Nato and Trump

Nato leaders are playing down President Trump’s first visit to the Brussels HQ.


Trump’s Policies May Cost The U.S. $1.3 Billion, And That’s Just In Travel

The U.S. will likely miss out on more than $1.3 billion in travel-related expenditures this year, in part due to the Trump administration?s policies, one international business travel group predicts.

A loss in that range could mean thousands of lost jobs, and some other analysts project the overall monetary losses will be much higher.

Political events like Brexit, President Donald Trump?s executive order ?travel bans,? new laptop bans in the U.S. and U.K. and rumors of an expanded U.S. laptop ban have created ?uncertainty? that?s keeping some international travelers from visiting the U.S., according to a new report from the Global Business Travel Association, which represents corporate travel managers and professionals.  

The organization?s researchers analyzed airfare bookings, figures like GDP and oil prices and a Department of Commerce survey to come up with an ?uncertainty forecast? of $1.3 billion in losses in hotel, food, rental car and shopping spending related to travelers. The figure also includes $175 million in lost business travel-related wages for Americans during 2017.

?This devastating economic impact could take years to recover from,? wrote GBTA?s executive director & COO Mike McCormick. 

Staff at Oxford Economics said that projection is far too low. The global advisory firm is predicting an even bigger drop in travel to the U.S. this year, one that would result in a total loss of over $2.4 billion. The cause, they say, is Trump?s harmful rhetoric affecting perceptions abroad.

??America first? rhetoric, which was pronounced during the campaign and Trump?s inauguration speech, is finding consistent expression in policy,? said Adam Sacks, president of Oxford Economics?s tourism department. ?International markets are receiving a message that America is no longer a welcoming destination.?

The federal government estimates the value of international travel and tourism to the U.S. at about $250 billion annually, with three percent growth projected every year, said Patrick Surry, chief data scientist at travel site Hopper. The GBTA?s forecasted $1.3 billion loss represents about a .5 percent shift. But that?s too conservative in Surry?s eyes: Hopper?s recent research shows a more pronounced drop in U.S. travel interest since Trump took office. Chinese travelers, for example, have searched for flights to the U.S. 40 percent less than average since Trump took office.

The Middle East represents a particularly big hit, according to both the GBTA and Oxford Economics.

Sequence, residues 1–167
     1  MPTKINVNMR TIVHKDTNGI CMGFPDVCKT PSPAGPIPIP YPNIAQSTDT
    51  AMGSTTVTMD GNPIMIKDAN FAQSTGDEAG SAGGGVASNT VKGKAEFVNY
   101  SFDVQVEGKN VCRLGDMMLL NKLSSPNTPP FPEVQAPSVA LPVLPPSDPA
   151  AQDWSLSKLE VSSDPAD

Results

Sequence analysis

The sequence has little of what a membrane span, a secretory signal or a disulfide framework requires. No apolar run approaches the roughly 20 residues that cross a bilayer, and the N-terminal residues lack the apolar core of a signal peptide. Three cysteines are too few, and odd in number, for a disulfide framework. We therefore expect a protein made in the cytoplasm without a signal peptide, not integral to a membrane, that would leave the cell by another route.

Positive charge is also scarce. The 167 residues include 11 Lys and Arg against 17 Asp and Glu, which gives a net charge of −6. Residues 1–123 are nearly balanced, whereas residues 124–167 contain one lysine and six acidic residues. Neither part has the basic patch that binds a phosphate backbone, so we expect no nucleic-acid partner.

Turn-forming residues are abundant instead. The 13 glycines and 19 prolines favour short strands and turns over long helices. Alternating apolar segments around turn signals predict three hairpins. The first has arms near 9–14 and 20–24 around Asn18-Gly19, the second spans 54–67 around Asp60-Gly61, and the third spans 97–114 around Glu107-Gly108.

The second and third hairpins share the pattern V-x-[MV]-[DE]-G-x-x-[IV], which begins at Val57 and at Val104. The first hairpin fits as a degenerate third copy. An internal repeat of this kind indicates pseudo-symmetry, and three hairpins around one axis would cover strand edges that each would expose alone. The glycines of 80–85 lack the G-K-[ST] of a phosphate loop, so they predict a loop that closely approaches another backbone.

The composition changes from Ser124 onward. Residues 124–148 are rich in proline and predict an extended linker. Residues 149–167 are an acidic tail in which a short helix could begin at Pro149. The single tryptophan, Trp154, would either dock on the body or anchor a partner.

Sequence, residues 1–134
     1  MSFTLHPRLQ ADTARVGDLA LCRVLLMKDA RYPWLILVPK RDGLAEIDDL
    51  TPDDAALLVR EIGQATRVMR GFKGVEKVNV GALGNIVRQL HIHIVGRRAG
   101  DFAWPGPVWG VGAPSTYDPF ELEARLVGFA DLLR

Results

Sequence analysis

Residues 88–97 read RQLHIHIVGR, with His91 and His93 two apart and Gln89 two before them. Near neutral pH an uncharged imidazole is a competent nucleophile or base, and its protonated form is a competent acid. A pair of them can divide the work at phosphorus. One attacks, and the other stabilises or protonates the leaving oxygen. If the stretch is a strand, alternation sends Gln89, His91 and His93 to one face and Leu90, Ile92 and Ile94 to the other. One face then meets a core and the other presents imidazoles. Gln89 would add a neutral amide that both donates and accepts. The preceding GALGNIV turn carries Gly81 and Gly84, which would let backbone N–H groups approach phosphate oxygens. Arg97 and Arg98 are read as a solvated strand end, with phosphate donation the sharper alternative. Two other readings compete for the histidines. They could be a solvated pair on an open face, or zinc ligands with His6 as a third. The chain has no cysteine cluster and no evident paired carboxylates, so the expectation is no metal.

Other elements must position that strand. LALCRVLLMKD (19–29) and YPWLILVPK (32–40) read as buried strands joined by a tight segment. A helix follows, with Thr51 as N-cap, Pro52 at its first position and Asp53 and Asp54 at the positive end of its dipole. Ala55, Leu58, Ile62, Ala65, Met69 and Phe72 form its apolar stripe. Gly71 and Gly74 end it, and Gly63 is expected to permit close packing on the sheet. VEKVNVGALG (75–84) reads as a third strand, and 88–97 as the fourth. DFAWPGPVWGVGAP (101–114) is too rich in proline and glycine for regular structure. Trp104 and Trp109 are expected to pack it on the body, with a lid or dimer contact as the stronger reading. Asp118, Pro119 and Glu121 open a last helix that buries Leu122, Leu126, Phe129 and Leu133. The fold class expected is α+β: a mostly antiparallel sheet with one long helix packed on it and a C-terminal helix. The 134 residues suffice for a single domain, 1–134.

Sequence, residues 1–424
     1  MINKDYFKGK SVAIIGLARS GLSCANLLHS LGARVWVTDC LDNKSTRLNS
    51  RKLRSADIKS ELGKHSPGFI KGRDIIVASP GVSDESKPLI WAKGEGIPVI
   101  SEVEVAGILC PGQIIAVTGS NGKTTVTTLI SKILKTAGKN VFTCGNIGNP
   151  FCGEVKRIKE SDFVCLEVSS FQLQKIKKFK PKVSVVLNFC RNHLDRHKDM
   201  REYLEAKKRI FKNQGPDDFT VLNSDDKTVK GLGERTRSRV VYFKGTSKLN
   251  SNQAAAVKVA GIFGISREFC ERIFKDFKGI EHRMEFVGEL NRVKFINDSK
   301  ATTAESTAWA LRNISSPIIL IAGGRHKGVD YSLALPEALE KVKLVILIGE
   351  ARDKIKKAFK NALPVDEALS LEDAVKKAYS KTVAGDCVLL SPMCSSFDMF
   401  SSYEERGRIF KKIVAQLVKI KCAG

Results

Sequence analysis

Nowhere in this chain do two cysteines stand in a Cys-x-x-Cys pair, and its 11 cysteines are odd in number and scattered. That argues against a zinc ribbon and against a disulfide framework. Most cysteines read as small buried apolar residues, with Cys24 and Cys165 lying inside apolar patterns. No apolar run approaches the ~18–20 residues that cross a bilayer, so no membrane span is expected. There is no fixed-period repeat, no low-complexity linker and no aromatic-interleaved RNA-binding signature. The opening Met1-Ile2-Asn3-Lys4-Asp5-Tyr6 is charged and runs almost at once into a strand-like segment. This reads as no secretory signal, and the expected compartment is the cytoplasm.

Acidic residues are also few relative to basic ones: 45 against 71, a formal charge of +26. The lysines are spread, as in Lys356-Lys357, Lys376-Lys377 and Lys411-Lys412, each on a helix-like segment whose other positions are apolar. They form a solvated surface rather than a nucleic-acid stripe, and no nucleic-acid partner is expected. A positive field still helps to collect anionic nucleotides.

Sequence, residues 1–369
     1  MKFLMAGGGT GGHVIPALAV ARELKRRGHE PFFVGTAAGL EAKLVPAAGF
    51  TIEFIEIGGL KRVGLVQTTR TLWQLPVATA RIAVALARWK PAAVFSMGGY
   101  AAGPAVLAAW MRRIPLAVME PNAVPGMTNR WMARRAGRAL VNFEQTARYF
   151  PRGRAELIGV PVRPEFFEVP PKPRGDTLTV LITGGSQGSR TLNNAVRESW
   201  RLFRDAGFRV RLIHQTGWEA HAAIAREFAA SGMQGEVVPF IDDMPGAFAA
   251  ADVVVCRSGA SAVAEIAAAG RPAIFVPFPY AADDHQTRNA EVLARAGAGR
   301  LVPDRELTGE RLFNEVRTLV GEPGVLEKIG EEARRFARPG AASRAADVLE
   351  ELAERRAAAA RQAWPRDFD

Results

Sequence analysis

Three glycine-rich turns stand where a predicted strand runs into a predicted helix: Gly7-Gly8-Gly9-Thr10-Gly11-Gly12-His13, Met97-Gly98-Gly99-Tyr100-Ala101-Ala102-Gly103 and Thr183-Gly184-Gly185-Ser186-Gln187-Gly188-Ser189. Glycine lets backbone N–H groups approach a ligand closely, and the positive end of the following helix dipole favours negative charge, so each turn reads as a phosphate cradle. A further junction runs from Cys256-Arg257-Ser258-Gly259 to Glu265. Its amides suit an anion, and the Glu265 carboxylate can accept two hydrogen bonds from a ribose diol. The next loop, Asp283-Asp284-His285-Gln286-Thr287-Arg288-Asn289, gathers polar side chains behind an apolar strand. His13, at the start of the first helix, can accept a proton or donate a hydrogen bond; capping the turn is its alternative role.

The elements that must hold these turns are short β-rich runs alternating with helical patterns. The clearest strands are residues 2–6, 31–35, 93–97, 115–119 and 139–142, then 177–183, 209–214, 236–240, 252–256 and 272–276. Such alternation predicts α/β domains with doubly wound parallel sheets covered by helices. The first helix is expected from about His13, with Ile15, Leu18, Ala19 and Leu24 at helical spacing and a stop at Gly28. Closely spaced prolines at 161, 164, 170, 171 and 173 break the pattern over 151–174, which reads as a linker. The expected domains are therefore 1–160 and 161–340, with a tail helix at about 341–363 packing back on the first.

?We?re seeing a 30 percent decline in travel to the U.S. from the Middle East at the moment,? Sacks said. ?This means that the U.S. economy stands to lose about $1 billion from Middle East travelers alone [this year].? 

Emirates Airlines recently cut service to the U.S. after demand weakened in the wake of Trump?s travel bans and the Department of Homeland Security laptop ban, which was enacted in late March. And in a GBTA poll conducted after Trump?s initial travel ban, about half of European business executives said they would plan their travel elsewhere.

Amid Trump?s review of certain work visas and rumors of an expanded laptop ban, ?global travel markets will take further cues that the U.S. is not as welcoming as it once was,? Sack said.

Ouch.

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News Roundup for May 23, 2017

News gives the blues.

1. Three more lawsuits alleging racial discrimination and sexual harassment have been brought against Fox News. Nobody is surprised. More here.

2. An explosion in Manchester last night killed 22 and injured 59 people. Children are among the dead and ISIS are once again first in line to claim responsibility. More here.

3. Jury selection has begun for the Bill Cosby trial. Hope they have Jello pudding pops in jail. More here.

4. Trump asked intelligence chiefs to help him push back against the FBI probe into his links with Russia. Is it time for impeachment yet? More here.

5. Sir Roger Moore has died at 89, making 2017 the year of B-list celebrity deaths. More here.

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What’s The Senate To Do With The House Health Care Legislation?

The party in power often overreaches. House Republicans did just that when they voted to repeal the Affordable Care Act and replace it with a flawed alternative that threatens the health coverage of millions of Americans.